Moses Boyd on his Mercury Music Prize experience

Moses Boyd on his Mercury Music Prize experience

Moses Boyd has experienced a Hyundai Mercury Prize boost following his shortlisting for the Dark Matter album.

While Michael Kiwanuka was this year’s winner, Boyd has also seen a positive impact from the Prize. Following the broadcast coverage during the week of the prize, including a special performance at Bush Hall on BBC Four, sales of the jazz album increased by 180% week-on-week.

During the two-month period since the shortlist was unveiled, Boyd also had an uplift in terms of social media and YouTube followers

Here, the former Music Week cover star opens up about the impact of the Mercury nomination…

What’s it like being a Mercury-nominated artist?

“It’s crazy, very surreal. I found out a week before the official announcement. I was at a friend’s house and completely forgot that we’d even submitted, it was not on my radar at all. When I got the call, it was like ‘Woah, incredible’. 

“The Mercury and the MOBO are things I’ve seen as a kid. That’s not to say I’ve made music to get one, but it’s definitely something I’ve always respected and has been on my goal list, seeing people like Ms Dynamite and Dizzee Rascal perform there. Through the years, just knowing what it represents and how it’s helped propel careers, it’s something I just respect. I would have always been happy to be nominated, it’s something I’m very proud of.”

How did the shortlisting help you?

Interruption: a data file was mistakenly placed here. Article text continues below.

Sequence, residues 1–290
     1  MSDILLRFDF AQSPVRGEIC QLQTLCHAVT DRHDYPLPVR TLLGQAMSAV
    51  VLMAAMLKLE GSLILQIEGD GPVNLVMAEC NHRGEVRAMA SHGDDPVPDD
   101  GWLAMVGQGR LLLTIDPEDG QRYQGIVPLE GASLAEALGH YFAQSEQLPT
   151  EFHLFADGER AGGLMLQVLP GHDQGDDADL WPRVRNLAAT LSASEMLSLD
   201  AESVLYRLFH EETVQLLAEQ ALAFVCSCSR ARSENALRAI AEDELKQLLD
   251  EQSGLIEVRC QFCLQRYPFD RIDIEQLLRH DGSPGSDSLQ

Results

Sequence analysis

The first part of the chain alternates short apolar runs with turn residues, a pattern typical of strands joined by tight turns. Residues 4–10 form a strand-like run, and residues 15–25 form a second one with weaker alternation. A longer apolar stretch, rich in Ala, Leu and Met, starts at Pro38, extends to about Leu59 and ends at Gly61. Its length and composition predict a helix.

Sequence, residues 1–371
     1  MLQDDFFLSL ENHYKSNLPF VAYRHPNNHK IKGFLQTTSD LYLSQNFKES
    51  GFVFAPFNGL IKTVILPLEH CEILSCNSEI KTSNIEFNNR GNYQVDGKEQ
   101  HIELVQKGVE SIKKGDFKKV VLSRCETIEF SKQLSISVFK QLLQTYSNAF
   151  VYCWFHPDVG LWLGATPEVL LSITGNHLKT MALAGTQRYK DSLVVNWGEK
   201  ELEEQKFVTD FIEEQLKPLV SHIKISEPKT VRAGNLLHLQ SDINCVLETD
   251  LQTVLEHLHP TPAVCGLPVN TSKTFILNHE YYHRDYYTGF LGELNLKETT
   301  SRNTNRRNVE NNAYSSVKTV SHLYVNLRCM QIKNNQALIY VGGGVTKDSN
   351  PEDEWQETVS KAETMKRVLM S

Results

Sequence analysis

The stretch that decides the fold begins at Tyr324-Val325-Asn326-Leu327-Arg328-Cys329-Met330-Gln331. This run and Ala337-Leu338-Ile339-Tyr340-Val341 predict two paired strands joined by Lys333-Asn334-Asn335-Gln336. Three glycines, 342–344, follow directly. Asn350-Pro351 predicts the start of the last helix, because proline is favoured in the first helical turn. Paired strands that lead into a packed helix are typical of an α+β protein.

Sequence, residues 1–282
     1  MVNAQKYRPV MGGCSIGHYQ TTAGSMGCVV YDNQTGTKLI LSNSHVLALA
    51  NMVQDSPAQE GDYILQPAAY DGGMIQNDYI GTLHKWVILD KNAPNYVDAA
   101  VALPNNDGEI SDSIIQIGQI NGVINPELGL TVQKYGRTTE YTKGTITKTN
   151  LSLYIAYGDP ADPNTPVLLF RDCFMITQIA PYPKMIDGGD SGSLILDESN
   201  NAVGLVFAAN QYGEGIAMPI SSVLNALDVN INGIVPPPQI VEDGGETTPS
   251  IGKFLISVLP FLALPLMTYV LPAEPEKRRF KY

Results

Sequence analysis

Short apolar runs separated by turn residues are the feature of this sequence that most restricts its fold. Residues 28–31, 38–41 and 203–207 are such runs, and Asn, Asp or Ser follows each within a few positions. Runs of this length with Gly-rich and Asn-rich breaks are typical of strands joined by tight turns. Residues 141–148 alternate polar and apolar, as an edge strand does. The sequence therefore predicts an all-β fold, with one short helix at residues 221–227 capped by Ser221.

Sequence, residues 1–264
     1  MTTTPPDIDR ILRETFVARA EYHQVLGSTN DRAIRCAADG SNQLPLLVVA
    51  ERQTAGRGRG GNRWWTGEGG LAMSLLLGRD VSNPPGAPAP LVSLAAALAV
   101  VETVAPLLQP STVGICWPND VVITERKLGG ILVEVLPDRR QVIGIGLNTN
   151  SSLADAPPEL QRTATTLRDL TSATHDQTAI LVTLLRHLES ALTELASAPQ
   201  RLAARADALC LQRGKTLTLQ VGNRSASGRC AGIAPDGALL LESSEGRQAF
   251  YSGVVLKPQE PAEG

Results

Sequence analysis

“As an independent artist, on the day it was announced I just saw all the traction, whether it was sales, iTunes, Bandcamp and the other DSPs through to social following and interaction. The good thing is there’s a good period between the announcement and ceremony, it’s really good to gain traction if you’re in a release cycle – as you have to be in order to be nominated.

“I’m quite connected, being independent, to what’s going on with all my stock and stuff, interest from independent stores, restocking and repressing, that’s the first instant boost I saw. There are no shows happening at the moment, because we’re in such a weird time it’s hard to fully say [what impact the Prize would have]. Even the press opportunities would probably have been more had we not been social distancing, but there’s a lot still happening. It’s just good all round.”

How do you feel about the record now?

“It came out in February, we did a tour of the UK & Europe, which was great, and then obviously lockdown hit straight after and I’ve been forced to distance myself from it in a way. I’m out of doing press and doing shows, I’m doing other things.

“The world has changed so much, and in some ways it hasn’t, since I released it. And now people ask questions about it and looking at the world and how it was a critique of aspects of our society, it’s definitely made me look back and think, ‘Wow’. Not that I was any sort of prophet, but it’s just a good example of art imitating life, responding to it. I tend to make stuff and forget about it, but I guess with this one it’s a bit different, I’m constantly re-listening, rethinking and reevaluating. I’m still very proud of it.”

To read our cover feature on Moses Boyd, subscribers can click here.

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